November 3, 2016

Exercising with Osteoporosis? Stay active the safe way.

Osteoporosis is a much talked about lifestyle condition which targets the elder strata of the society and is silent killer. Osteoporosis is associated with bone fragility and resulting fractures which presses the alarm button.

Osteoporosis has been operationally defined on the basis of mineral density (BMD) assessment .According to the WHO criteria , operationally is defined as a BMD that lies 2.5 standard deviations or more below the average value of young healthy women (a T-score of <2.5 SD)

The purpose of it being talked about topics in the essence whether it is preventable and if so how?

Regular exercise improves health in many ways. People who engage in regular exercises have lower rates of depression, heart disease, dementia, cancer, diabetes and many other chronic diseases

If you have Osteoporosis or low bone mass or have broken a bone from miner event such falling from a standing height or doing simple task definitely you are at risk of osteoporosis.

Benefits of exercises

Exercise is the one of the most effective lifestyle strategies to help make bones strong , reducing the risk of fractures later in life .Improving and maintaining the bone density , exercises increase the size , strength and capacity of muscles. Exercises must be regular and ongoing to have a proper benefit.

Exercises best for preventing osteoporosis

  • Weight bearing exercises
  • Strength training exercises
  • Posture training
  • Balance training
  • Stretching

Weight bearing exercises

Weight Bearing exercises are the most effective forms of exercises for maintain the strong bones. Exercise is especially important for old women, who have higher rate of bine tissue lose after menopause.

Two types of weight-bearing exercise: high-impact and low-impact.

High-impact includes workouts like:

  • Brisk walking
  • Climbing stairs
  • Dancing
  • Hiking
  • Jogging
  • Jumping rope
  • Step aerobics
  • Tennis or other racquet sports

Talk to your physiotherapist about your workout routine. She/he may recommend that you focus on low-impact exercises that are less likely to cause fractures and still build up your bone density.

These include,

  • Elliptical training machines
  • Low-impact aerobics
  • Stair-step machines
  • Walking (either outside or on a treadmill machine)

If you’re new to exercise or haven’t worked out for a while, you should aim to gradually increase the amount you do until you get to 30 minutes of weight-bearing exercise per day on most days of the week.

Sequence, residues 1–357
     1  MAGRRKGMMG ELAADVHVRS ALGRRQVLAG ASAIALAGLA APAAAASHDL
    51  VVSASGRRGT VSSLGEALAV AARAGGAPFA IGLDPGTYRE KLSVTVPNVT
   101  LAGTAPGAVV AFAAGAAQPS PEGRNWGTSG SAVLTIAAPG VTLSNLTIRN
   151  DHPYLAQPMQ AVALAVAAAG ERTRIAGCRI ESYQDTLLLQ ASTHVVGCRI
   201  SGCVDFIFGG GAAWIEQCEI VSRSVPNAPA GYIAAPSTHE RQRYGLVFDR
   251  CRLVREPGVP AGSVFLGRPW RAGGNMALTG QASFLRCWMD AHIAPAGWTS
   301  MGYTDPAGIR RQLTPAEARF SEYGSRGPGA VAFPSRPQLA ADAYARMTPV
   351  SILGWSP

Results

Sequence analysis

Strength training exercises

Strength training exercises is mainly focused on making the muscles work harder and strengthening them and thereby reducing falls which is major issue in the geriatric population.

Equipment’s commonly used are free weights, therabands , swimming ,cycling are good means strength training .Progression again has to be slow and well calculated.

Posture training

Bad postures crate imbalances in the opposite side of the body resulting in pain ,stiffness, contracture on one side and lengthening an opposite of the body .these all can lead to fall and fracture .

Exercises focusing on spinal extension, core muscle strengthening, abdominal exercises. Arm/shoulder exercises.

Balance training

Exercise that improves balance and co ordination can also reduce falls and fractures. Utmost acre is taken while imparting such exercises ensuring that the surface is non-skid ,stable , there is a stable support nearby when the patient losses the balance all a sudden .It is done 2 3 days in week for 10-20 minutes


Stretching exercises are safer and easier and must precede with proper warm up and end with a proper cool down .Stretching of all major groups of muscle must be done.

If you have osteoporosis, don’t do the following types of exercises:

High-impact exercises. Activities such as jumping, running or jogging can lead to fractures in weakened bones. Avoid jerky, rapid movements in general. Choose exercises with slow, controlled movements. If you’re generally fit and strong despite having osteoporosis, however, you might be able to engage in somewhat higher-impact exercise than can someone who is frail.

Bending and twisting. Exercises in which you bend forward at the waist and twist your waist, such as touching your toes or doing sit-ups, can increase your risk of compression fractures in your spine if you have osteoporosis. Other activities that may require you to bend or twist forcefully at the waist are golf, tennis, bowling and some yoga poses.

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